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As a business owner, you put a large amount of effort into providing services and arranging bookings or appointments for your customers. It can be incredibly frustrating to dedicate this time to a customer, only to have them cancel their booking before you receive profit. To ease this frustration, you may want to consider charging a cancellation fee. However, there are circumstances where this may be unenforceable. This article will detail:

  • what a cancellation fee is; and
  • the circumstances when you can, and cannot, charge your clients a fee for cancelling.

What Is a Cancellation Fee?

A cancellation fee is an amount of money charged to a customer who fails to attend their booked appointment or complete their end of the service agreement. These fees are typical for appointment-based services. The types of businesses that more typically charge for late cancellations or no-shows are:

  • restaurants;
  • hairdressers; 
  • doctors and medical practitioners; 
  • personal trainers; and 
  • hotels.

When Can a Business Charge a Cancellation Fee?

As a business owner, you may decide to charge a cancellation fee to your client or customer. Your right to charge this fee is because your client has technically breached their contract with your business. When a client makes an appointment, your business and your client enter into a contract to provide your services. The customer fails to uphold their obligation to receive and pay for these services when they cancel the appointment or booking. 

However, you are only entitled to charge the client a fee for this breach if it is reasonable. Usually, it is reasonable if you (as the service provider) have suffered a loss due to the cancellation.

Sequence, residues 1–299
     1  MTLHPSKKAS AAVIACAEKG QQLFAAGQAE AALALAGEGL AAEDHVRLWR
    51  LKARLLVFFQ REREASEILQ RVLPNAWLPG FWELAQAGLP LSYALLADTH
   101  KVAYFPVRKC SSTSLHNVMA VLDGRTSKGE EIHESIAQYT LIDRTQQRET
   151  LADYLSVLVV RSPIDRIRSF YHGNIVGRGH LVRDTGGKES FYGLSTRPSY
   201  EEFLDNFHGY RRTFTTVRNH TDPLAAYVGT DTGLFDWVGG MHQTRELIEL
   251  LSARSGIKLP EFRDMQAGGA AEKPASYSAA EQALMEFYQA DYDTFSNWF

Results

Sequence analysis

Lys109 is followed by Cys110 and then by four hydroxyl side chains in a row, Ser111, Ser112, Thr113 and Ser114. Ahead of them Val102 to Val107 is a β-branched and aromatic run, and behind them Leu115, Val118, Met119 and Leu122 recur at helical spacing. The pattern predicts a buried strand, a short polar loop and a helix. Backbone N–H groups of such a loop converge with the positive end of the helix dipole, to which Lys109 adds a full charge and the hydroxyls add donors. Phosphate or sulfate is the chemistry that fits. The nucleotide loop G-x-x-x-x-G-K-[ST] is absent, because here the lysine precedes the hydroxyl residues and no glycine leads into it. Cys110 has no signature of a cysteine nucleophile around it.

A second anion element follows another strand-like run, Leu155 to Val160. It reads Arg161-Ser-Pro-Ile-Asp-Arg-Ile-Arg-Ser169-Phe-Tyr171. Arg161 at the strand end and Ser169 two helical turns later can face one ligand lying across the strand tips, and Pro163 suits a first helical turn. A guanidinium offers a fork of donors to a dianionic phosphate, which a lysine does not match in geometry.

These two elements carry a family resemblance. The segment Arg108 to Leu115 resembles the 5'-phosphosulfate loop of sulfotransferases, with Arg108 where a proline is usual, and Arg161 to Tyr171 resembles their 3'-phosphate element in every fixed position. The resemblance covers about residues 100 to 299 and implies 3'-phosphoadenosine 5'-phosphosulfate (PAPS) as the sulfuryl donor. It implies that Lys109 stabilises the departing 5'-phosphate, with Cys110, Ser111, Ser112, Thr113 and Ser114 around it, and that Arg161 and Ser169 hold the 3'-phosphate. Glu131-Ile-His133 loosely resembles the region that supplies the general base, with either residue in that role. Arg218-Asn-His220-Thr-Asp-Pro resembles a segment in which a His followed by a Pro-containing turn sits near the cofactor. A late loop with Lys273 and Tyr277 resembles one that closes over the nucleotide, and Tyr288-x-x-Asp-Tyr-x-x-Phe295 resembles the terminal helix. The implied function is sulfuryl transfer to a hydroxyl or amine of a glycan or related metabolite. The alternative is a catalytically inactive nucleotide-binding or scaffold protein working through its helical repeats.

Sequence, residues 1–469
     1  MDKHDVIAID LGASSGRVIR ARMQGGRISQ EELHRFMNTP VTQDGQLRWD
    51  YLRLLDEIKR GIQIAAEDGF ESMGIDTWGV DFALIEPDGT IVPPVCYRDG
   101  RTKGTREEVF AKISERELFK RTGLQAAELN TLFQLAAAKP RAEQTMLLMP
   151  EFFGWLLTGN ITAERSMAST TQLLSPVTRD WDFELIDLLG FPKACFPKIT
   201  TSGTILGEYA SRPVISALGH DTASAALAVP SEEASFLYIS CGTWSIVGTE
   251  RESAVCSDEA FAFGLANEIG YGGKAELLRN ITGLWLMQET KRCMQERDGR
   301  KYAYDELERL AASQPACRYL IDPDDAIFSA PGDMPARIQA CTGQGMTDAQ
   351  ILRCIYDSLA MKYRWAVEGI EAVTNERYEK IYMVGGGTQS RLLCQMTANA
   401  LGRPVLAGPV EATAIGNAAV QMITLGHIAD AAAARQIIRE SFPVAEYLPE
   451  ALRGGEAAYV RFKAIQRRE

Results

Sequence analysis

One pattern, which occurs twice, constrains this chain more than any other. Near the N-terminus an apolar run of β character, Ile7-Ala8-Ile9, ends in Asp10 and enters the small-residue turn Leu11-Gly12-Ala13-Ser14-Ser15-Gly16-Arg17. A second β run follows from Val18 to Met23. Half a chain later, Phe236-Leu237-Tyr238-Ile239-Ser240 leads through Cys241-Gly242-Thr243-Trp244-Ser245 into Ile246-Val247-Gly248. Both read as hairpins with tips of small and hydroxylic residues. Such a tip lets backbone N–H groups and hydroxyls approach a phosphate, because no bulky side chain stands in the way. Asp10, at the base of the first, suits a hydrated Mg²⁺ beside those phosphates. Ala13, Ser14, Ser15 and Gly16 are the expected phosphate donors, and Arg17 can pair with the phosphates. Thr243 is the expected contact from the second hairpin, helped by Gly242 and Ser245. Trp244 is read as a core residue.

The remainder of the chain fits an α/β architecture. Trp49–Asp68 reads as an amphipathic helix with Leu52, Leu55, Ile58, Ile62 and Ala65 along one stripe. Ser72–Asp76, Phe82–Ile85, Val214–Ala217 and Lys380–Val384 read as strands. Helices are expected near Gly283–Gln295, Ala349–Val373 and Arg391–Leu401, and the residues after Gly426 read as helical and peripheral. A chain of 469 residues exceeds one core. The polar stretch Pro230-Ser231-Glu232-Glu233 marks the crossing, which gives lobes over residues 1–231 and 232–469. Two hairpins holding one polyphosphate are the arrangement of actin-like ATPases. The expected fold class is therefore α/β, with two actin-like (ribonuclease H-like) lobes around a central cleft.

For example, it would be reasonable if your client cancels an appointment at short notice. ‘Short notice’ could include on the date on the booking or within 24 hours of the appointment. Likewise, if you have already spent time and resources preparing for this client, charging them a cancellation fee would be reasonable. This fee would be a fixed amount or a percentage of the service’s cost. However, be sure to specify this amount or percentage to your client or customer. Further, it is common for businesses to charge the fee to their client’s bank account or credit card. 

If you wish to charge this type of fee, you must make it known to your customers or clients. You must also state how much you are planning to charge. Doing so will assist in the fee being reasonable. You may wish to make your customers aware of it through a specific provision in your service agreement or terms and conditions. 

Requirements to Charge a Cancellation Fee

Different kinds of services have different requirements for when it is reasonable to charge a cancellation fee. For example, a business that provides layby sales (when a customer pays a deposit for an item and the shop puts that item aside whilst the customer pays the full amount) may only charge a fee if:

  • the agreement governing the layby sale has been cancelled (either by the consumer or the supplier); 
  • the agreement provides that a cancellation charge is payable; and 
  • the supplier of the item has not breached the agreement.

You should ensure that your cancellation fee complies with the requirements applicable to your line of business. 

When Can a Business Not Charge a Cancellation Fee?